It is necessary to note that the above formulae deduced from the uncertainty relations in the space of object sizes correspond to condition of mass conservation during elementary act of interaction between a germ and an object. These formulae are not tied together with the condition of mass conservation in the whole system. A system can be unclosed in accordance with a general nature of biological processes [1,2,8]. Organic-silicon mesoobjects have been considered also in [12]. The basis of these meso objects is siloxane sceleton – the chain of alternate Si and O atoms. Elementary portion of such polymer chain consists of two adjacent atoms Si and attached atoms C, H, O. Replacement of some H atoms by N, P, S, and Fe atoms results in analogy with biological polypeptide nanochains [1, 2]. Such analogy expands a range of questions related to the study of life as a nanoscale phenomenon [8]. Based on the well-known data [7] on atomic radii and the lengths of interatomic bonds, the characteristic sizes of globular organic-silicon nanocrystals have been evaluated in [12]. The obtained sizes 60nm and 4μm correspond to the sizes of biological equivalents (ribosomes) and to biological mesoobjects [1]. The issue of existence of such hypothetical biological structures, containing silicon, remains open. It looks reasonable to search for the mentioned structures in places, where rubber-bearing plants grow. The developed kinetic approach and calculated results can be useful for laboratory investigation of a behavior of biological systems at different environments.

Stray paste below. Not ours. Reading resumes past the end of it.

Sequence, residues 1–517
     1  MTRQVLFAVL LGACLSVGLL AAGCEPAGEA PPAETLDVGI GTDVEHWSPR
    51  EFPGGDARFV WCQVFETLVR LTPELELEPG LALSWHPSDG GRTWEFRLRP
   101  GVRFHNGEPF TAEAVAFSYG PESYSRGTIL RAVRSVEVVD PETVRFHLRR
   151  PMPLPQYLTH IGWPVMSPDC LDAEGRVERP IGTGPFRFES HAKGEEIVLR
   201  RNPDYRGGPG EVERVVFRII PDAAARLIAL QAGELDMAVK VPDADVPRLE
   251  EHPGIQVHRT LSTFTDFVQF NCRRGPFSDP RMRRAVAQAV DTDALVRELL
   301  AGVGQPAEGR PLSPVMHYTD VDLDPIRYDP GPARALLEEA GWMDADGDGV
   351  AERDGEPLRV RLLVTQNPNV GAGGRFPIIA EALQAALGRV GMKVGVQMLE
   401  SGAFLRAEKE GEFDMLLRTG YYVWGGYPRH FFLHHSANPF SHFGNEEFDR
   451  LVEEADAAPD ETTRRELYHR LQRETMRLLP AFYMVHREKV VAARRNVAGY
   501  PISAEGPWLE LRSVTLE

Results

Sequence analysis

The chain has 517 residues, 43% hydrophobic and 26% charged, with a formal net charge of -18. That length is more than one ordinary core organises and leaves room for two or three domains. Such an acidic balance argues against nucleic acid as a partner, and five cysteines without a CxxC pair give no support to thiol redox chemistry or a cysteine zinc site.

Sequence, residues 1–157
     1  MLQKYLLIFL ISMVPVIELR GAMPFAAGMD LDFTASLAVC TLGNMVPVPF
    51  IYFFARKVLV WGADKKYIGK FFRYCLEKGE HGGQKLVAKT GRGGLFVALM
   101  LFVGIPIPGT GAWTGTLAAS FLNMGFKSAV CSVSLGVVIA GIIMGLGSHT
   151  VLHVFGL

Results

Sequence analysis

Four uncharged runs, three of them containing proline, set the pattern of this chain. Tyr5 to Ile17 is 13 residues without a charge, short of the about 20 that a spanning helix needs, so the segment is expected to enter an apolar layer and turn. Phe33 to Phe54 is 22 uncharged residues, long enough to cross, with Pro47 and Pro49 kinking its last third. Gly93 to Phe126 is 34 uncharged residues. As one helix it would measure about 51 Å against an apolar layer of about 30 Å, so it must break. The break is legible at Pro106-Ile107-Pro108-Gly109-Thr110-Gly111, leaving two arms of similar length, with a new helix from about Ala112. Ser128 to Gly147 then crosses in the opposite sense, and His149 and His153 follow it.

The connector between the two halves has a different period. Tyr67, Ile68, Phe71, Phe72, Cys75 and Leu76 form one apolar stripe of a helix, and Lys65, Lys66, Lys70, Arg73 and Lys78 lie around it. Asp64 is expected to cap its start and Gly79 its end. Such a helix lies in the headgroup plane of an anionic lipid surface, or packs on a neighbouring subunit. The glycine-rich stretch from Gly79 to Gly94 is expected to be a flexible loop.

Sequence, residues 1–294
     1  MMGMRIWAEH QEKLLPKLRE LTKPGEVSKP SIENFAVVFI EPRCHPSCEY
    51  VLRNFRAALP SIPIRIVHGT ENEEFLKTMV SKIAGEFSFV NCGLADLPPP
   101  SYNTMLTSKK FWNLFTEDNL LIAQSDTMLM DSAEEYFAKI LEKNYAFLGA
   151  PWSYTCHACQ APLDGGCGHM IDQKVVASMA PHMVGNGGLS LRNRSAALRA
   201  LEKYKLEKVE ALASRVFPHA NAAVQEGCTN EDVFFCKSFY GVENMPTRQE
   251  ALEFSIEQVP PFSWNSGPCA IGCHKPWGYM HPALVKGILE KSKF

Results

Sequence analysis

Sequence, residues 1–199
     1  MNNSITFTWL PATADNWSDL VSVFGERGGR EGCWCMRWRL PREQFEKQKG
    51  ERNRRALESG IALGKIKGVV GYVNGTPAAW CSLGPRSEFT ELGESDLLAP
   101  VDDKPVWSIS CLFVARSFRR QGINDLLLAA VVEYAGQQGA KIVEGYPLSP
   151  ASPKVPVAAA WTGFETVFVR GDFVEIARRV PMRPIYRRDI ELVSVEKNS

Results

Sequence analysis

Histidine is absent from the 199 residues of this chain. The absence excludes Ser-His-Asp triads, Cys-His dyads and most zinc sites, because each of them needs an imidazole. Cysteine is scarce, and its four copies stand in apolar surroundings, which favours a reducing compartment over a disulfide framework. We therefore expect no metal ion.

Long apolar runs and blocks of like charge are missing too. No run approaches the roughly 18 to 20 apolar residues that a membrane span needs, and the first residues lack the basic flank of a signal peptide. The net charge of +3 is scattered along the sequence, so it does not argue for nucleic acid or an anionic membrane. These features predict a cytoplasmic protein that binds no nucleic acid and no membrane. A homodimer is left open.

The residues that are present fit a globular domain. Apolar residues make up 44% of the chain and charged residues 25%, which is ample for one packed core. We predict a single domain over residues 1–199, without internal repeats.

**Abstract**

**Keywords: **

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**Acknowledgement**

The author is grateful to Dr. Evgeniya Petrovna Lobkaeva for the support of this work.